This was a wild weekend to be sure! Our Saturday dive turned out to be one of the coolest yet, plus we had a camera so we got great pictures of the action. We went to the Warhead, a dive site along "The Wall", or the coral drop-off to the deep ocean, which often has charismatic megafauna like sharks and turtles passing through along this ledge. It was our lucky day because as soon as the group got to the edge, we heard our divemaster signalling that there was a shark ahead, and sure enough, a 6 ft reef shark was approaching directly at us-- only 5 ft away from the first diver in our group! The shark swam on by us as we all watched in awe. Sharks are definitely the favorite around here! It's crazy how no one is scared when you have this huge animal swimming less than 10 feet away from you.. but it is so calm down there and you know that the shark would never hurt you unless you provoked it. We saw a bunch of other fish--including the ever-present barracuda--and a great portion of reef as well before we had to head back to the mooring.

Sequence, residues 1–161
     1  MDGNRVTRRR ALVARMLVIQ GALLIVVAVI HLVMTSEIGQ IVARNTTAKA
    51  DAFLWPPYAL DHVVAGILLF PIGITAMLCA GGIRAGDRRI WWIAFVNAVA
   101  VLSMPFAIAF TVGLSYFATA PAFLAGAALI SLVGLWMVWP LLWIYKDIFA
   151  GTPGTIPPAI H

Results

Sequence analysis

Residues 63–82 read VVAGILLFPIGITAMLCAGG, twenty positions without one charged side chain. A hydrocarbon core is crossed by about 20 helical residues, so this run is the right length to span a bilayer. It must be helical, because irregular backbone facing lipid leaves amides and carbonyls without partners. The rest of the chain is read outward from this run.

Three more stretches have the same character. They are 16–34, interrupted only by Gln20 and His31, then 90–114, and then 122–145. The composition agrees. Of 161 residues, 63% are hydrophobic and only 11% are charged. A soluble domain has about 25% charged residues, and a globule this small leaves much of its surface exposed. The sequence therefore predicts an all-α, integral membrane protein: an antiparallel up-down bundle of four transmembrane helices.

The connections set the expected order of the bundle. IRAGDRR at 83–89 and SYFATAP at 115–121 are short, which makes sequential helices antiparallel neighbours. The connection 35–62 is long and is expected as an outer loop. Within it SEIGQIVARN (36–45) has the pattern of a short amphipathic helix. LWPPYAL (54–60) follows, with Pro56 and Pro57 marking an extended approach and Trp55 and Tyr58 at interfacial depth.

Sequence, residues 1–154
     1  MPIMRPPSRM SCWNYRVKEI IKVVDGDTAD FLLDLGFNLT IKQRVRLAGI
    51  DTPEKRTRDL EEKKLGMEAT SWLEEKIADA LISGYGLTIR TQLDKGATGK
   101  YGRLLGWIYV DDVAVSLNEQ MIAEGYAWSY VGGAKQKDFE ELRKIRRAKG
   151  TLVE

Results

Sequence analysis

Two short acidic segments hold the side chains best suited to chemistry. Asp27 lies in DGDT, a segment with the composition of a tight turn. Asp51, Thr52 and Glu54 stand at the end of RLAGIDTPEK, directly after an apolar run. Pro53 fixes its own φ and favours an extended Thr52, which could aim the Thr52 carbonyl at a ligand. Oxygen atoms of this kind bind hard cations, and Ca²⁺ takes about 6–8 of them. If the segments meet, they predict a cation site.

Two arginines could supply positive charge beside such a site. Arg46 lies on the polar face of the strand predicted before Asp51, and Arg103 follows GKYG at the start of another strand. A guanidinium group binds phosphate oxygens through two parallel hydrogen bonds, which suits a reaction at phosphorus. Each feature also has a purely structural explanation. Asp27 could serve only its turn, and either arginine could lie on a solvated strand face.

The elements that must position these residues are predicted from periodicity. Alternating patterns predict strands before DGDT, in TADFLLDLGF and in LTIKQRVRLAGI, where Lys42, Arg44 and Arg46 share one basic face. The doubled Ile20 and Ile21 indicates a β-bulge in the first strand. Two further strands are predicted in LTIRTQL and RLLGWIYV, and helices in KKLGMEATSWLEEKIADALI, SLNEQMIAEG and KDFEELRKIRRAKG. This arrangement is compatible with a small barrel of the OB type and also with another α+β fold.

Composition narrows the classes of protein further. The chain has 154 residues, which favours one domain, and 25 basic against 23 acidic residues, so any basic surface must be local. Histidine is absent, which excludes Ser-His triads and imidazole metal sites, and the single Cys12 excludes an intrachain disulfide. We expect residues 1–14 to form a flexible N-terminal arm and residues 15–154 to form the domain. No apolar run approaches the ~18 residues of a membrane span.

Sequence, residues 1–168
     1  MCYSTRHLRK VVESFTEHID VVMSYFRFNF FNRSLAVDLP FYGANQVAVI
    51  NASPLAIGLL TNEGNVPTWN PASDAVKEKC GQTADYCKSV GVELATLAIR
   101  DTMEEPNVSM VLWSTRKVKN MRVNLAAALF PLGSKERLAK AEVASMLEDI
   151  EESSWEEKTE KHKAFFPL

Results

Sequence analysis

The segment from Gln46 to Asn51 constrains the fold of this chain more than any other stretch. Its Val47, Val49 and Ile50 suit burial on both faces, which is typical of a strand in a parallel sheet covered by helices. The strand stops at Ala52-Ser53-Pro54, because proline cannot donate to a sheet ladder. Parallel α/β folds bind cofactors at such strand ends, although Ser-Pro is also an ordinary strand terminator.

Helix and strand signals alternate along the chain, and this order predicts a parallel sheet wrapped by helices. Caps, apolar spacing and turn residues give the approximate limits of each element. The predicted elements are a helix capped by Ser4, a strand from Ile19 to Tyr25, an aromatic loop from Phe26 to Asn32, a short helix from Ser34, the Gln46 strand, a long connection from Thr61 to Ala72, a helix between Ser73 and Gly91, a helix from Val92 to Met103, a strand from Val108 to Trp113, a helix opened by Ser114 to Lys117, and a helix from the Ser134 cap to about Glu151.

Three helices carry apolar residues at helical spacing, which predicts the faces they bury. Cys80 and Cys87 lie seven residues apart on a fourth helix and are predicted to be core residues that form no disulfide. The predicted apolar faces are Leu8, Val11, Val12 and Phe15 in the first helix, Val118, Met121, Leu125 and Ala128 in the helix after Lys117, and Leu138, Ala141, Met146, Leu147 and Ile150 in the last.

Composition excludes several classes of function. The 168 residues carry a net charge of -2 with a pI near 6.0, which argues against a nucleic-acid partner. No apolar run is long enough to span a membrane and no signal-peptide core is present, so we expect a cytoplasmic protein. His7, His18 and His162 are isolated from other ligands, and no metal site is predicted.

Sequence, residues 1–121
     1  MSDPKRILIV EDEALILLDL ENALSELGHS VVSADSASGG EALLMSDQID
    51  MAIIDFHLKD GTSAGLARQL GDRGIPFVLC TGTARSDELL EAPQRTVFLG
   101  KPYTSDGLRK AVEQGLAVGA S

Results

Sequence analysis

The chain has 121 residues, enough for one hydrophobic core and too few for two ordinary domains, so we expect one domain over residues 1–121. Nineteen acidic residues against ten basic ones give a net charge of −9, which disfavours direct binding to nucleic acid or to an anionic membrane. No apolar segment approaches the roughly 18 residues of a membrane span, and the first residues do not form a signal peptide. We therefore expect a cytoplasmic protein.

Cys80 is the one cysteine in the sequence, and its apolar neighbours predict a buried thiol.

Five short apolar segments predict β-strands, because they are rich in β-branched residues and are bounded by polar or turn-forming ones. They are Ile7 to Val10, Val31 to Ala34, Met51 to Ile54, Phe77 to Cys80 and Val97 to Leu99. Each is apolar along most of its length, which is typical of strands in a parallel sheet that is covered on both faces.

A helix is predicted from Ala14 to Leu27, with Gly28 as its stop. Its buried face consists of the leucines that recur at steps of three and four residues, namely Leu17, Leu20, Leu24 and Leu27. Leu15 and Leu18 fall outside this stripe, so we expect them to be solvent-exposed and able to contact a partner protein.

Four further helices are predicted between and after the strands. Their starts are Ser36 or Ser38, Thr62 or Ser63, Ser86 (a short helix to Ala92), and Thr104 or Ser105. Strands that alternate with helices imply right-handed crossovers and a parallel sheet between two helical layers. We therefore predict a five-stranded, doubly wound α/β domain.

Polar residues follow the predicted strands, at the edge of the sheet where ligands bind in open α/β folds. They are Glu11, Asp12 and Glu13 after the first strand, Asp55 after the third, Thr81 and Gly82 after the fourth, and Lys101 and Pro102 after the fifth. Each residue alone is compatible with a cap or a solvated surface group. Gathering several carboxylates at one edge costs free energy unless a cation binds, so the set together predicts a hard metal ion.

Sunday proved unexpected as I had just settled back into the room after brunch when my roommate, Kate, came bursting in saying that Aaron, the marine ecology professor, just offered to take her (and a group) out to look for her sunglasses, which had gotten dropped overboard during sharking the days prior. She told him it was fine, that he didn't have to do this on his day off, but he insisted and said to get a group together and they could look for some turtles as well. So... long story short, I got to join this group of 5 on a Sunday afternoon boat ride across the Caicos bank. Aaron likes to drive fast so we flew across the water to the north side of the islands towards a shallow sand flat that is the "hot zone" for turtles and nurse sharks. Almost immediately we saw a shark and so the plan was to chase it until it got tired and then "lasso" it with the cast net (this strategy had never been done before because the net was new, but we had a Southern girl who had used cast nets for catching shrimp so we were hopeful;). We were right on top of it a number of times but it maneuvered past the net so easily and the sun moving behind the clouds sporadically wasn't helping us. We ended up losing sight of the shark but within a few minutes spotted a turtle. The way this works is that one person stands on the bow of the boat and constantly has a finger pointing at the turtle so Aaron knows where to drive, and the rest of us are all standing/sitting to track the turtle (or shark) as well. As you can imagine, it is a very high-energy, high-enthusiasm scenario. The week prior, a girl caught the first turtle of the semester, and one of the guys on our boat had tried twice unsuccessfully that week and was determined to find success so he had a mask on and was ready to jump off the boat just as soon as we were close enough to the turtle. It was a tiny thing but SO fast... it zipped around a huge area of sand flat and it was hard for the boat to keep up with its changing directions! Finally we wore it out and it slowed a bit, and Charlie launched himself out of the boat like a champ and grabbed the turtle (if you can imagine an all-fours "tackle" coming from above, that is what this is). He got it, though he did end up with a turtle bite on his knee (not serious though)! We all helped Aaron take measurements and tag the turtle for his research and then we let it go again. Scouting for a little longer, we spotted another nurse shark and were even more determined to catch it. We chased it with the boat for quite and while and had MANY close tosses with the net, but with no luck. We lost this one again after a sharp turn and the sun in our eyes.